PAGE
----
In designing a cross-tested plan or in addressing nondiscrimination failure, one of the more overlooked “correction” tools is restructuring. Restructuring permits the practitioner to divide the plan into two or more component plans that can be tested separately for nondiscrimination. For example, the practitioner might restructure the plan so that younger highly compensated employees (HCEs) and older nonhighly compensated employees (NHCEs) are in a component plan while the older HCEs are in another component plan with the younger NHCEs. A practitioner might also add flexible family members (family members around whom the employer is not designing the plan) to the plan and then restructure the plan into component plans that facilitates passing nondiscrimination.
With the use of restructuring, practitioners may be able to establish a cross-tested plan for an employer where such a design was thought not possible. The practitioner also may be able to use restructuring to reduce the employer contribution costs for a cross-tested plan. This 100-minute Webcast uses illustrations to help you gain a better understanding of the rules for using restructuring.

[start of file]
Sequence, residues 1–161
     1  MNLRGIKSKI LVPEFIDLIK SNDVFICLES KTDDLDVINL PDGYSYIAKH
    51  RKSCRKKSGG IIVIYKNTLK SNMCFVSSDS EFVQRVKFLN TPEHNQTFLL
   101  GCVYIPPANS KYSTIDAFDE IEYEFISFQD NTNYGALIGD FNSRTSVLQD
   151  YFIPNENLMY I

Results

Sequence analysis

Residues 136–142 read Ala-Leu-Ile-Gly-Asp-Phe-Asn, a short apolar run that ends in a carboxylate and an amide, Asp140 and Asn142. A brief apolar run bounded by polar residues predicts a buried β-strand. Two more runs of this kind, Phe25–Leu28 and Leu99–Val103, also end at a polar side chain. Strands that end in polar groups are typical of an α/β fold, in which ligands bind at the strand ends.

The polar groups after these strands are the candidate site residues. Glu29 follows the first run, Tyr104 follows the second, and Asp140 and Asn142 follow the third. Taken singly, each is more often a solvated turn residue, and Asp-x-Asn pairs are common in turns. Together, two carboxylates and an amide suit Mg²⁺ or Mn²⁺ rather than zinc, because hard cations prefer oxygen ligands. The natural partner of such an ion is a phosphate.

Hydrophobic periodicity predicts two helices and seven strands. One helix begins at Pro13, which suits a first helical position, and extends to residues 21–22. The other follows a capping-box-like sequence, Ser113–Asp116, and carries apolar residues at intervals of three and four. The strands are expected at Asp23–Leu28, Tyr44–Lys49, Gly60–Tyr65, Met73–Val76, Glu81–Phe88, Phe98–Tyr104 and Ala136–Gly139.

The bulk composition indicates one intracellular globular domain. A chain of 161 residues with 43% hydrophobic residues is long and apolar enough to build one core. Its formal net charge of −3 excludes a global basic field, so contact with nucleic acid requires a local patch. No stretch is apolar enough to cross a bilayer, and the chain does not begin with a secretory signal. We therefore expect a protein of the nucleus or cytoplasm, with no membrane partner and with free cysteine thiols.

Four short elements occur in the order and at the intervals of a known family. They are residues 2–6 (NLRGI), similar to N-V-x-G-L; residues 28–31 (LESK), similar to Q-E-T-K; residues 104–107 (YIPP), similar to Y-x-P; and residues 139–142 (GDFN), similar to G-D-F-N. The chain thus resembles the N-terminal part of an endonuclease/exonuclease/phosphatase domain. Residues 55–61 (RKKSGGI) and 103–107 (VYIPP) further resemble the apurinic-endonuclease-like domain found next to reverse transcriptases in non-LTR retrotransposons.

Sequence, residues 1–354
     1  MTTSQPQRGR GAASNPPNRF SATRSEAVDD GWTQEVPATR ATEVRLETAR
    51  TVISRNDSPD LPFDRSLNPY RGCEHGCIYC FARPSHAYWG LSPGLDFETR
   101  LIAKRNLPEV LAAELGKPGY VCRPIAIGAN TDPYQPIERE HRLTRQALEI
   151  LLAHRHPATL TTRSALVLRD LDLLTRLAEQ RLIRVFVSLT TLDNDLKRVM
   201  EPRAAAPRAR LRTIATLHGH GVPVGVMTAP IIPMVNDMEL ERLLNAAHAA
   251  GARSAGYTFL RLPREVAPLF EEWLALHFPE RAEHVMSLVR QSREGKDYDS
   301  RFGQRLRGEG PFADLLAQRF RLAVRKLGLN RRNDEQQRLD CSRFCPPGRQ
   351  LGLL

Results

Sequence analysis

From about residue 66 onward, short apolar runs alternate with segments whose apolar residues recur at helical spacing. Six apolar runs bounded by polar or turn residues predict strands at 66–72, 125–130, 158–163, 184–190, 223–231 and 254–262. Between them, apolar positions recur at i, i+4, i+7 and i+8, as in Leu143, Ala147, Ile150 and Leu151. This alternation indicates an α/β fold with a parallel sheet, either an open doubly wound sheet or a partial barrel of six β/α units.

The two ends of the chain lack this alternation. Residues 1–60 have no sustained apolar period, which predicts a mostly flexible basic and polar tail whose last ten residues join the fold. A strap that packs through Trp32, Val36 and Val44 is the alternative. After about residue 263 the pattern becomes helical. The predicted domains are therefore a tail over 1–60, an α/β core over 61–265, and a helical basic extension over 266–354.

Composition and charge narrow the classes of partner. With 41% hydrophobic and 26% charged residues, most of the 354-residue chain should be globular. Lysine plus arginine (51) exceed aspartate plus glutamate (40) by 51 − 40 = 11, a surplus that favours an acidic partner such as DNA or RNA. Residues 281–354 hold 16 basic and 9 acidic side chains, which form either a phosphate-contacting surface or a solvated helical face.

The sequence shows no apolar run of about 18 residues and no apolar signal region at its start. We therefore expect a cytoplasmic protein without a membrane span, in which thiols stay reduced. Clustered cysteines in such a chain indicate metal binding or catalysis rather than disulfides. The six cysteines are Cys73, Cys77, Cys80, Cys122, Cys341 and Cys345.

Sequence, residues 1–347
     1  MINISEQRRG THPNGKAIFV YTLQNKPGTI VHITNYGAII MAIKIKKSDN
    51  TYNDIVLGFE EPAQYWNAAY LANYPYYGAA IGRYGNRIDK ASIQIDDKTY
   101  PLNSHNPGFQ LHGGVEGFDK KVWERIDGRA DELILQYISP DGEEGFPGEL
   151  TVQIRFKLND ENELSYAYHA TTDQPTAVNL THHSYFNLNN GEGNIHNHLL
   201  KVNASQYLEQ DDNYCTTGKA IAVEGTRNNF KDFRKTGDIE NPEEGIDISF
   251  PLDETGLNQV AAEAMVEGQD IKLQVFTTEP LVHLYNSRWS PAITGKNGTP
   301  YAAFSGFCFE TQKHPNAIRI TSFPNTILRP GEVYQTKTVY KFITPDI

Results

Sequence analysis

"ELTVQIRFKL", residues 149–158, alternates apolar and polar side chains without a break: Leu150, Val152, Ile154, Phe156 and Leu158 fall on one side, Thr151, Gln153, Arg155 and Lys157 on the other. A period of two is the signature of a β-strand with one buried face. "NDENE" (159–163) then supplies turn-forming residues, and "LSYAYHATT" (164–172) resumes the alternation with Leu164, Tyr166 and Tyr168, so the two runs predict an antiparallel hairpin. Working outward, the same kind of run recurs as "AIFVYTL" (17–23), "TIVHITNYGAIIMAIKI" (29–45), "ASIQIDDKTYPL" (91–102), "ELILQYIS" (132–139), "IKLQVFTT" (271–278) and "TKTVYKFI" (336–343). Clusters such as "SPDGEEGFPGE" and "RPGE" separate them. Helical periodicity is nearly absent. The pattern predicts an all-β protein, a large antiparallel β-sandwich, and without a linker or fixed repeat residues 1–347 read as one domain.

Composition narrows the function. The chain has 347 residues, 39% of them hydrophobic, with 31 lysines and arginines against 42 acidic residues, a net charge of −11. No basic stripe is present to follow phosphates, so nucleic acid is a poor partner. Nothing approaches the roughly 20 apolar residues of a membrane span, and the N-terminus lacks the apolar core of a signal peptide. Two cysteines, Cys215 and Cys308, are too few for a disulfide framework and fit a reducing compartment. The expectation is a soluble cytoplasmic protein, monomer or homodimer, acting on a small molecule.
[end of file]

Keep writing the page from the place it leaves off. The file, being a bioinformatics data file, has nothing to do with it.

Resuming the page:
- Using restructuring in testing
- Dividing into component plans
- Plan language
- Correction options
- Deadlines for corrective action
- General nondiscrimination testing in component plans
- Restriction in creating component plans
- Impact on 401(k) plans
- Minimum gateways
- Effect on top heavy
After attending this Web seminar, an attendee should be able to:
- Identify the situation where a practitioner may use component plans
- Apply the rules for restructuring
- Design a plan that is able to take advantage of restructuring
- Determine where to “draw the lines” for the component plans
- Explain the benefits of restructuring
- Determine how restructuring affects coverage, minimum gateways and top heavy
- Identify the various options for “rescuing” a cross-tested plan
- Identify the deadlines for taking the respective corrective actions
- Determine how to apply the general nondiscrimination test in component plans
Speaker: David Schultz, J.D.
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